FP38-6 PRENATAL BISPHENOL A TREATMENT REDUCES KISSPEPTIN CELL NUMBER IN THE POA AND CAUSES AN IMBALANCE OF KNDY PEPTIDES IN THE ARC DURING ADULT LIFE IN SHEEP

Program: Abstracts - Orals, Featured Poster Presentations, and Posters
Session: FP38-Physiological Impacts of Endocrine Disrupting Chemicals
Basic/Translational
Monday, June 17, 2013: 10:45 AM-11:15 AM
Presentation Start Time: 11:10 AM
Room 256 (Moscone Center)

Poster Board MON-342
Chrysanthi Fergani*1, Lique M Coolen2, Michael N Lehman3 and Vasantha Padmanabhan4
1University of Mississippi Medical Center, Jackson, MS, 2University of Mississippi Medical Center, MS, 3University of Mississippi Medica, Jackson, MS, 4Univ of Michigan, Ann Arbor, MI
Recent studies have found that prenatal exposure to Bisphenol A (BPA), an endocrine-disrupting chemical (EDC), with estrogenic and anti-androgenic effects, disrupts the estrous cycle during adult life, and this is characterized by severely dampened or even absent pre-ovulatory LH surges [1]. We tested the hypothesis that this disruption may involve altered kisspeptin expression in the preoptic area (POA) and/or an imbalance in KNDy (kisspeptin, neurokinin B/dynorphin) peptide expression in the arcuate nucleus (ARC).  Both these neuronal populations play a key role in transducing steroid feedback signals to GnRH neurons and initiating the LH surge in sheep [2,3]. Pregnant Suffolk ewes were given daily s.c. injections of cottonseed oil (controls), or three different doses of BPA: a low (BPALOW; 0.05 mg/kd/day), medium (BPAMED; 0.5 mg/kd/day), or high dose (BPAHIGH; 5 mg/kd/day) from day 30 to 90 of gestation (term 147 d). The doses used were chosen to produce maternal blood levels of BPA approaching the lowest, twice the mean and twice the highest level of BPA found in maternal circulation of U.S. women, respectively [4]. Female offspring from these animals (n=7-12/group) were euthanized as adults, during the late follicular phase following synchronization of estrus with prostaglandinF2α, just before the expected onset of pre-ovulatory LH surge. Hypothalamic sections were processed for dual-label immunocytochemistry for Estrogen Receptor α (ERα)/Kisspeptin and Progesterone Receptor (PR)/Dynorphin and numbers of single and dual labeled cells were counted. In the POA, prenatal BPAMED and BPAHIGH treatment significantly reduced the number of kisspeptin-positive cells compared to control or BPALOW treatment. In the ARC, there was no change in kisspeptin cell number among the groups; however, the number of dynorphin-positive cells was significantly reduced in the BPALOW and BPAHIGH groups compared to controls. The percentage of POA and ARC kisspeptin cells co-localizing ERα and ARC dynorphin cells co-localizing PR did not differ between BPA–treated and control females. These data are consistent with the hypothesis that the dampened or absent LH surges observed after prenatal BPA exposure is due to a reduction in kisspeptin in the POA. Furthermore, the decreased dynorphin expression in KNDy cells in BPA-treated ewes may indicate reduced sensitivity to progesterone negative feedback, since dynorphin in the ARC is important for conveying the inhibitory influence of progesterone on GnRH pulses [5]. This hypothesis remains to be tested. Overall, these data suggest that BPA exposure during fetal life impairs neuroendocrine pathways mediating steroid feedback control of GnRH, and thereby has adverse effects on fertility in adult life.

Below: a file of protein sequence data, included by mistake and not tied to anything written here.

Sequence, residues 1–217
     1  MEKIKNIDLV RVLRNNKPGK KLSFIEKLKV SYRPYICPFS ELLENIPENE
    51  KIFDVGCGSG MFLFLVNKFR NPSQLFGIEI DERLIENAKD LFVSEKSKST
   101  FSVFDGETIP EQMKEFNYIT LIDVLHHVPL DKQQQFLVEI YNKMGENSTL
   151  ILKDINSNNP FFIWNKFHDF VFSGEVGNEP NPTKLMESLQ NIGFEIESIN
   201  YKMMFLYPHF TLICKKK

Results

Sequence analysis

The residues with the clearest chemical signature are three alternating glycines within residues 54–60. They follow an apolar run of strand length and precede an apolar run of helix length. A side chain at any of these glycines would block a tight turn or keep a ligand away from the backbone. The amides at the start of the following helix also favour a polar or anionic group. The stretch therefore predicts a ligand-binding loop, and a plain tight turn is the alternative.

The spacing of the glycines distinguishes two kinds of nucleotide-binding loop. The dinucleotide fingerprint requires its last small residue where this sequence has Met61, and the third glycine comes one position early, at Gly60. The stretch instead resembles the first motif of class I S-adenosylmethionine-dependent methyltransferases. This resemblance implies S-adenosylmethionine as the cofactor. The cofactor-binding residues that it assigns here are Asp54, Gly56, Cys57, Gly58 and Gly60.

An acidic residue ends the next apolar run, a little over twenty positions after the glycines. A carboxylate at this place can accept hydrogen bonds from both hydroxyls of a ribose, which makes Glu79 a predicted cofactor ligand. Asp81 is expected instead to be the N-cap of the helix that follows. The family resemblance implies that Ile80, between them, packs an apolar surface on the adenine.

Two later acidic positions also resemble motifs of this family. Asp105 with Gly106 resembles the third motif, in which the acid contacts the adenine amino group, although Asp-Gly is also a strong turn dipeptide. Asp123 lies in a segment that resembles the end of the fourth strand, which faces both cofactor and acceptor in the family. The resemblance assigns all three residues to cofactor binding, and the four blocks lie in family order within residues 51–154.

[1]Savabieasfahani et al., Endocrinology, 147: 5956–5966, 2006. [2]Lehman et al., Brain Research, 1364: 90–102, 2010. [3]Merkley et al., Endocrinology, 153:5406-14, 2012. [4]Padmanabhan et al., Journal of Periantology, 28:258-63, 2008. [5]Goodman et al., Endocrinology, 145: 2959–2967, 2004.

Nothing to Disclose: CF, LMC, MNL, VP

*Please take note of The Endocrine Society's News Embargo Policy at http://www.endo-society.org/endo2013/media.cfm

Sources of Research Support: Supported by NIH R01 ES16541 (VP) and P01 HD44232 (VP, MNL).
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